If you were to review our careers in political life, we are sure there are only a handful of things we would agree on:
(1) The sun rises in the East and sets in the West.
(2) April 15 is Tax Day even though we have differing opinions on the tax itself.
(3) On Jan. 20, 2009, there will be a new president in the White House.
(4) And our days in the Senate and House, respectively, were some of our proudest.
We also agree on a topic important to all of us: We must take every step possible to ensure responsible drinking of beer, wine and spirits.
April is Alcohol Awareness Month and at this moment we all have the opportunity to provide consumers with basic information about alcohol, information that has been missing from labels. All foods and beverages are now labeled with basic nutrition information, except for alcoholic beverages.
Treasury Secretary Hank Paulson and his team at the department have an opportunity to fix this oversight. They are considering a rule that would modernize the labeling of wines, distilled spirits and malt beverages. The problem is that while the proposed label would require information about calories and protein per a defined serving, it does not require information about the essential ingredient: alcohol. That’s right; Treasury is proposing a label for alcoholic beverages that does not include the amount of alcohol in a drink.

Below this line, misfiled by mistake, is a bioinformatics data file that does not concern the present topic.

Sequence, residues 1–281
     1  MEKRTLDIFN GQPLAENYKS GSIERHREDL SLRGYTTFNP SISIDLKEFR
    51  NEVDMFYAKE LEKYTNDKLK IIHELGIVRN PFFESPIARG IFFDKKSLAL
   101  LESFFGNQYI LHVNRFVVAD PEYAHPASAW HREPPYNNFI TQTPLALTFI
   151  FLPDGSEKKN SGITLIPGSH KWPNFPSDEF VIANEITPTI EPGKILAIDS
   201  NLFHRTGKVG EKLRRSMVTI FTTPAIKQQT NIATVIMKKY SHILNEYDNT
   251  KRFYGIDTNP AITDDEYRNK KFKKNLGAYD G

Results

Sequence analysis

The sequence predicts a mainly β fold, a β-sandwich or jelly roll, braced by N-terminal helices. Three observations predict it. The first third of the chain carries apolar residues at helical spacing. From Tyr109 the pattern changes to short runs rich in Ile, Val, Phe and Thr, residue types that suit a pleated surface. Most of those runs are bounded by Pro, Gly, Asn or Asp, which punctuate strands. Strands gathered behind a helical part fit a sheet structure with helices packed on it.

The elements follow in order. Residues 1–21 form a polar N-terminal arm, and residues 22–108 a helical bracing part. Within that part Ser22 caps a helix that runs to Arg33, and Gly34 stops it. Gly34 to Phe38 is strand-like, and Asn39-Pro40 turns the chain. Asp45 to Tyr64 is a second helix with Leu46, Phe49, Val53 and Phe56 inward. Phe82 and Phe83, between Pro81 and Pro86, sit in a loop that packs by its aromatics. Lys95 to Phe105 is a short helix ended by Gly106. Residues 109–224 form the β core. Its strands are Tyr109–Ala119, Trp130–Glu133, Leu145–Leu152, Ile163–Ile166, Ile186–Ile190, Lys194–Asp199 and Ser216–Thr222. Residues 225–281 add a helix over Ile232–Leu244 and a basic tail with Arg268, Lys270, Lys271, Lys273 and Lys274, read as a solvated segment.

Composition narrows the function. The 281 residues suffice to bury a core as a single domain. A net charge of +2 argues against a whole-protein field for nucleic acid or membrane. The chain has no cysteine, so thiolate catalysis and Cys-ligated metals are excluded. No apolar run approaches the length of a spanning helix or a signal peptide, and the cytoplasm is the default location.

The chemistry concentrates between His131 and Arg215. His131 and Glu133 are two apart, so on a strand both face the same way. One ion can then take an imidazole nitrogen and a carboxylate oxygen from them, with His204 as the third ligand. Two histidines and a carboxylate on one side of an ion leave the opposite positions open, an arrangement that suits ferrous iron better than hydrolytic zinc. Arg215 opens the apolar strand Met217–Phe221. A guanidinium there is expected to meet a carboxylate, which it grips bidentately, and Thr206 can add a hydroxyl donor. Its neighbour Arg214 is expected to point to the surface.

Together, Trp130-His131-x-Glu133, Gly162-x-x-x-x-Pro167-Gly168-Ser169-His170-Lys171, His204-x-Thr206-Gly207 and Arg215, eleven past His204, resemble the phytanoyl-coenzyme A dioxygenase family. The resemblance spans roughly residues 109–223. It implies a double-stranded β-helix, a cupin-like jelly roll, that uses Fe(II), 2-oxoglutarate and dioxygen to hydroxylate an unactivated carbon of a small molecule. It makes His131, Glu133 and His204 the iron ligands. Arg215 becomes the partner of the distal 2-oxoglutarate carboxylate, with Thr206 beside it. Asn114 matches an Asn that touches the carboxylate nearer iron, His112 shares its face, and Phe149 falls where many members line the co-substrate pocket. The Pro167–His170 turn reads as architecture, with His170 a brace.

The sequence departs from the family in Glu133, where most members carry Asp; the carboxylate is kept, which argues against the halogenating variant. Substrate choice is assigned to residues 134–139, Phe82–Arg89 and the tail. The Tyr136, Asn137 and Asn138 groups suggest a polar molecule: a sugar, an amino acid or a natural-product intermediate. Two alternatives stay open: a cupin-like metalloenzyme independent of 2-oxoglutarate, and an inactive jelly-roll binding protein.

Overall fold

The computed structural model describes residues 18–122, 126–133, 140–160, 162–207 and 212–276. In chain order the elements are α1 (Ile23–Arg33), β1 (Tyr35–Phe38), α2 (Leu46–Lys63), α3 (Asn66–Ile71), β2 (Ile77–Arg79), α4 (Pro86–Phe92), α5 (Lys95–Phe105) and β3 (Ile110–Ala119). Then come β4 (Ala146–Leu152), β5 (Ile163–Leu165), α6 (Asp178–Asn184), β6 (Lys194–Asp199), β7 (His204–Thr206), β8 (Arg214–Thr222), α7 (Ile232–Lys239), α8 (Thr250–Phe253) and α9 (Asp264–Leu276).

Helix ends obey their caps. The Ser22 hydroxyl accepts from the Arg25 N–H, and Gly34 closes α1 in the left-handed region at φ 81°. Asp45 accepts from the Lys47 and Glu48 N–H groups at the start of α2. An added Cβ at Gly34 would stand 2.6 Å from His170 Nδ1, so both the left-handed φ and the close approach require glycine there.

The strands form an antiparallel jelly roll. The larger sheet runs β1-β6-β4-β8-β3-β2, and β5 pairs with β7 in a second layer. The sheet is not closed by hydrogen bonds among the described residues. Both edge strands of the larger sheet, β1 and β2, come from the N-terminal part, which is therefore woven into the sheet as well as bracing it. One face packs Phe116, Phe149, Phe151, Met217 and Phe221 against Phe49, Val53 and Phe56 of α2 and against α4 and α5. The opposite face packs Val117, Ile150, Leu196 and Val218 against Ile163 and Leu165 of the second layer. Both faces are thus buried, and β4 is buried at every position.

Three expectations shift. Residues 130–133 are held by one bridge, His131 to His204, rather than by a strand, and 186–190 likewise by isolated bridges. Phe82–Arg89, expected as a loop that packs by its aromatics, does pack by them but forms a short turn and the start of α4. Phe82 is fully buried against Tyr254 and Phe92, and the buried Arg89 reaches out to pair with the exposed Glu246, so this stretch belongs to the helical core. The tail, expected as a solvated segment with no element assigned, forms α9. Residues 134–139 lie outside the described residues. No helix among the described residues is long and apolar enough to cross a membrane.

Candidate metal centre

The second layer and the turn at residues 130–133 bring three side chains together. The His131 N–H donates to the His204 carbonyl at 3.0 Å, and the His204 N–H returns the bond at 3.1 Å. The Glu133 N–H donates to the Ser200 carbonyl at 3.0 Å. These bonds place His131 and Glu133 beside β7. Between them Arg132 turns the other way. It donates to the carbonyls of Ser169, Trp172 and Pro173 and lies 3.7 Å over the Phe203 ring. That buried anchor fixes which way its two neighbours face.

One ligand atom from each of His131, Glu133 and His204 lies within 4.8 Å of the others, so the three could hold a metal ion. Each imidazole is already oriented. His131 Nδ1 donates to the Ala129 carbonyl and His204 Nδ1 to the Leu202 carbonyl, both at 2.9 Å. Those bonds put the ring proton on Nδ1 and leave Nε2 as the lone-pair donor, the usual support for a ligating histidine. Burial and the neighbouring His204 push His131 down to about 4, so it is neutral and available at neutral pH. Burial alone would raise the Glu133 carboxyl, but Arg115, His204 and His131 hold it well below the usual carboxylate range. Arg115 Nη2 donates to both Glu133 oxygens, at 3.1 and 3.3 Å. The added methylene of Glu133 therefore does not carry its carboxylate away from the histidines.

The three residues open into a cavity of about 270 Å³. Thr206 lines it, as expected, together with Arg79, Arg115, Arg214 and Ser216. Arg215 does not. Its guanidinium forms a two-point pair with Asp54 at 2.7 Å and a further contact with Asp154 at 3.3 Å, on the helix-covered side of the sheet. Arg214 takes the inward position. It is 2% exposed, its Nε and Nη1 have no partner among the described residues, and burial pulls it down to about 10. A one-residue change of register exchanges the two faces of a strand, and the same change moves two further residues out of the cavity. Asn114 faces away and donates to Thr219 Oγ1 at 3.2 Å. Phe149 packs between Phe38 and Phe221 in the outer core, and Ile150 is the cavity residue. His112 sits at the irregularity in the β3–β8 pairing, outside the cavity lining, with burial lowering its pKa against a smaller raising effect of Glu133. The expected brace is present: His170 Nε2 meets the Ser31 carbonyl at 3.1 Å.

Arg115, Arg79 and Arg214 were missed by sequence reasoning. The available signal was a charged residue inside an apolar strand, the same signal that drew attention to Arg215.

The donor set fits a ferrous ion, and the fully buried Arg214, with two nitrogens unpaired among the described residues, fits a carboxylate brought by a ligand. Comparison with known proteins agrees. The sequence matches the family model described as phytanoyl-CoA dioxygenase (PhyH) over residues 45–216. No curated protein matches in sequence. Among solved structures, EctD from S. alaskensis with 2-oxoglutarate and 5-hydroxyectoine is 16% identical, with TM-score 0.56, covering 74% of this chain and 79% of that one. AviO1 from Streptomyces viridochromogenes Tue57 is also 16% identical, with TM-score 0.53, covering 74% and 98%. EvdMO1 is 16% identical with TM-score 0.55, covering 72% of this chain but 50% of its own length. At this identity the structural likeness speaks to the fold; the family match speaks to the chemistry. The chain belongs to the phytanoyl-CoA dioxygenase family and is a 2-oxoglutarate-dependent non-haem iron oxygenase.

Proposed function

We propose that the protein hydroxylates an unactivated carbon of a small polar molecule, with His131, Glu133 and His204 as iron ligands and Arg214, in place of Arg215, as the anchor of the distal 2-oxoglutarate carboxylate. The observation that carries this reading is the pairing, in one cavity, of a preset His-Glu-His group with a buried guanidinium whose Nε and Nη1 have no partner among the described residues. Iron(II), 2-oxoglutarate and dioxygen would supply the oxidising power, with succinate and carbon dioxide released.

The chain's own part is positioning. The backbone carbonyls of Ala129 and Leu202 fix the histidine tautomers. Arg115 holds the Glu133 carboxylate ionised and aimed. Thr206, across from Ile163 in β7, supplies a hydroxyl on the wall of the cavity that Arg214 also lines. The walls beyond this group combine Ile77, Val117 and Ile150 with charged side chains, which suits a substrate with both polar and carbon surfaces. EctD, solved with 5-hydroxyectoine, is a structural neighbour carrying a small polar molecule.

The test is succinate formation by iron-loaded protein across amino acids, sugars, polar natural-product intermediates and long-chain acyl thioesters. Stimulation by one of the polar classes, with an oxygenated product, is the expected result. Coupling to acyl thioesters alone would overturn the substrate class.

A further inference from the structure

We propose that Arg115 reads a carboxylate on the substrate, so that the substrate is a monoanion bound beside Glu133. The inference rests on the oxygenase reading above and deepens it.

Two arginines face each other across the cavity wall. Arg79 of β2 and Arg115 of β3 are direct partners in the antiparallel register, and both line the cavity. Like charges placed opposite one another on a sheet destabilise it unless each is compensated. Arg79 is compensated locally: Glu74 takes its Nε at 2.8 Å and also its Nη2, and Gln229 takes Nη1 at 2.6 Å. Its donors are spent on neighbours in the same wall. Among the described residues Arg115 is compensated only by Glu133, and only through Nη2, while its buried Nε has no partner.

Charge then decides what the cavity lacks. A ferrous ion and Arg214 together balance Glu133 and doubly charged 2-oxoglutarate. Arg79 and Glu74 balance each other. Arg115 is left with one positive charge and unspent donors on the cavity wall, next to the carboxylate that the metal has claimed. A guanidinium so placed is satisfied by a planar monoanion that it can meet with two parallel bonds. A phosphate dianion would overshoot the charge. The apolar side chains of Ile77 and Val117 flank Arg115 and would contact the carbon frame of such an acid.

All standard drinks, 12 ounces of beer, 5 ounces of wine or a shot of spirits contain the exact same amount of alcohol: 0.6 fluid ounces. Consumers must be provided this information so they can make an informed and hopefully responsible decision. They also need to know how many servings are in the container, as is traditional for all other foods and beverages. Alcoholic beverages are the only major source of calories that is not labeled. That needs to be fixed.
None of us would think of driving with a blindfold on but we are drinking with a blindfold and then in some very unfortunate cases getting behind the wheel. Treasury has the opportunity to fix this by publishing a rule that makes sense.
The proposal can be improved by requiring that the amount of alcohol per serving in fluid ounces and the number of standard drinks per container be included as part of the Serving Facts panel. The 55 percentage of the adult American population who choose to drink should have the ability to comply with the Dietary Guidelines’ advice on “moderate” drinking. How can any of us comply if basic information continues to be kept from the consumer?
If the new label is going to tell people the number of calories, carbohydrates, fat and protein for a standard serving size, isn’t it common sense that the label of an alcoholic beverage clearly and also plainly state how much alcohol is in it?
It’s time to take the blinders off! Let’s not have another Alcohol Awareness Month with the public unaware of the amount of alcohol per serving in wine, beer, and spirits.